Actually last week but I'm playing catch-up.
From the April 19th newsletter [emphasis added]
But yesterday’s hearing undermines my view. There are members of Congress who seem to think that crypto is valuable and innovative, that the SEC is stifling innovation, etc., all the stuff that was standard in 2021 and that retreated after the high-profile crypto frauds and failures in 2022. Ahead of the hearing, all the Republicans on the committee sent Gensler a letter “slamming the Commission’s approach to digital asset regulation and attempts to force digital asset trading platforms to ‘come in and register’ under the ill-fitting national securities exchange (NSE) framework.” “To date,” they write, “the SEC has forced digital asset market participants into regulatory frameworks that are neither compatible with the underlying technology nor applicable because the firms’ activities do not involve an offering of securities.”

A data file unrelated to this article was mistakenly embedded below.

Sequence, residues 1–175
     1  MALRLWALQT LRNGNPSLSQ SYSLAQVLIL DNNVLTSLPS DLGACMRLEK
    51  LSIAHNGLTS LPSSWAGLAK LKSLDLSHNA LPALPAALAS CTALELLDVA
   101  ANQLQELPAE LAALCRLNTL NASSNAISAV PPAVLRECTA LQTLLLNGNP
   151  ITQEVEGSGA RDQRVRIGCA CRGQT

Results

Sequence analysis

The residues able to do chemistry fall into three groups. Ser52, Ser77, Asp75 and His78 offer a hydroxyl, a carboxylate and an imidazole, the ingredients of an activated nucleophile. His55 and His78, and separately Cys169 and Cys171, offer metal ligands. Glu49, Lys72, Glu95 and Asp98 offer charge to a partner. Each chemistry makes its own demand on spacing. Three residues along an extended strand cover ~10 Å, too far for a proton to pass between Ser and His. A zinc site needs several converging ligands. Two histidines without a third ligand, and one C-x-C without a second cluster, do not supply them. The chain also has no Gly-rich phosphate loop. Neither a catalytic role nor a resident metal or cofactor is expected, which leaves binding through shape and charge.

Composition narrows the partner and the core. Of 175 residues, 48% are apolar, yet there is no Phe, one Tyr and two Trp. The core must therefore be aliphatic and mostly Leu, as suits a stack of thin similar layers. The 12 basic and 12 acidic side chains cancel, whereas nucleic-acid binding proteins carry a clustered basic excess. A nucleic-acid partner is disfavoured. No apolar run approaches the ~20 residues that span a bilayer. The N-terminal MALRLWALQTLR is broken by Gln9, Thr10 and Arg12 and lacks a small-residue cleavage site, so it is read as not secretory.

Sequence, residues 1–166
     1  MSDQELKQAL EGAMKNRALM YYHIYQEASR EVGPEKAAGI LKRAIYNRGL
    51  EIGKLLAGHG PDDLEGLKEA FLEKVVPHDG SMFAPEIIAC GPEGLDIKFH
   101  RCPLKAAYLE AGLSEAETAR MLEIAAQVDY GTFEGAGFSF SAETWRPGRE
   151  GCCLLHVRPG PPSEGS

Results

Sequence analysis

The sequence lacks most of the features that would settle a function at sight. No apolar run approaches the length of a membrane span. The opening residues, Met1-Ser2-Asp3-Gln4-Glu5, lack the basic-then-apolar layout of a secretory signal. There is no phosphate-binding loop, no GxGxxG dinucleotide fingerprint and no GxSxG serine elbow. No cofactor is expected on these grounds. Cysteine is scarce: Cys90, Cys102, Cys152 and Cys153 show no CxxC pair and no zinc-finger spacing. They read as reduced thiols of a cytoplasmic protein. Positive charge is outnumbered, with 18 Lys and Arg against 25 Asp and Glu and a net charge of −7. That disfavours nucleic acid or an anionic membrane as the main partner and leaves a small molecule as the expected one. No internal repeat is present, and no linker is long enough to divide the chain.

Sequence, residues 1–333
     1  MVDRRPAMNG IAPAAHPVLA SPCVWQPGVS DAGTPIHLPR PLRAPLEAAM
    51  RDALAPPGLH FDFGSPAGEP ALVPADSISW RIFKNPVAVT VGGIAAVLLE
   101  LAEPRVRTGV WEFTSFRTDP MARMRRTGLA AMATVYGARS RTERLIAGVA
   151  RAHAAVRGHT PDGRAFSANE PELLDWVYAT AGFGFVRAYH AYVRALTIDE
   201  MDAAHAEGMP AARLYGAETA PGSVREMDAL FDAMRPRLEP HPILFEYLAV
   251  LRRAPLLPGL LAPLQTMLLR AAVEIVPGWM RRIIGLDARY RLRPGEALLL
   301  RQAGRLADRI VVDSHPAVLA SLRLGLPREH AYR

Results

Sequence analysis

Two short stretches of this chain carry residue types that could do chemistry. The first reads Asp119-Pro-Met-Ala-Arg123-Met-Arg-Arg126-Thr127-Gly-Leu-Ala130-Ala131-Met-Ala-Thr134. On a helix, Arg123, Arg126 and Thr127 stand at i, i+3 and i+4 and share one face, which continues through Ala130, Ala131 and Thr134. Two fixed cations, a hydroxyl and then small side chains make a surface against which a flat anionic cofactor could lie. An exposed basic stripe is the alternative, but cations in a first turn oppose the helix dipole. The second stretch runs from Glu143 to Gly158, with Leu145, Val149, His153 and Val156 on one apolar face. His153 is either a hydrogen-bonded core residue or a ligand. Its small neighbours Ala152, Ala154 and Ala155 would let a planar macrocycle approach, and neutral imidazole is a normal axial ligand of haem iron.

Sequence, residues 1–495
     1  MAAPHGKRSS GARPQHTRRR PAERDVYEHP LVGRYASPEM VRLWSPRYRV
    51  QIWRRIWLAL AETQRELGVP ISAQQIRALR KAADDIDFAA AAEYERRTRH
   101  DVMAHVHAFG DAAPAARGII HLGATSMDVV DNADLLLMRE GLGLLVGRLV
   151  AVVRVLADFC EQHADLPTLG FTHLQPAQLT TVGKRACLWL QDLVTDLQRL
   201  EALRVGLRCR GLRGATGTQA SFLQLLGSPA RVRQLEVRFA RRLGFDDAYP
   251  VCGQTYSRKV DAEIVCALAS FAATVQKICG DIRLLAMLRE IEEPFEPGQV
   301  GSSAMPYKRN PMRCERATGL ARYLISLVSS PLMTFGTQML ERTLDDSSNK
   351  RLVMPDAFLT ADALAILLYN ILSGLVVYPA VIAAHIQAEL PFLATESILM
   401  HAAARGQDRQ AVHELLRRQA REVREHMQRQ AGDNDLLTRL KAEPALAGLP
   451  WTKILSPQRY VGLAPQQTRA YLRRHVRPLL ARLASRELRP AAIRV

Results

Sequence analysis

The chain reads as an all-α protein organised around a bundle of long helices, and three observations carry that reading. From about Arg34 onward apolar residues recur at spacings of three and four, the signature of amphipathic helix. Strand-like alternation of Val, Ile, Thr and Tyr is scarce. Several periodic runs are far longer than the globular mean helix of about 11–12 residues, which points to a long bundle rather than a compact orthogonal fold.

Third, there was pushback against Gensler for not owning or using crypto. “It is hard to understand something without using it,” writes Anthony Pompliano. “The idea that we have regulators who are actively making rules for something that they have never used seems confusing.”
This seems like a simple mistake. Nobody asks the administrator of the Drug Enforcement Administration if she has ever used meth. “How can you regulate meth if you have never used meth” is a non sequitur. “How can you understand meth if you have never used meth,” similarly, has easy answers: You can look at the science and sociology of how it affects people, decide that it’s bad, and regulate it accordingly.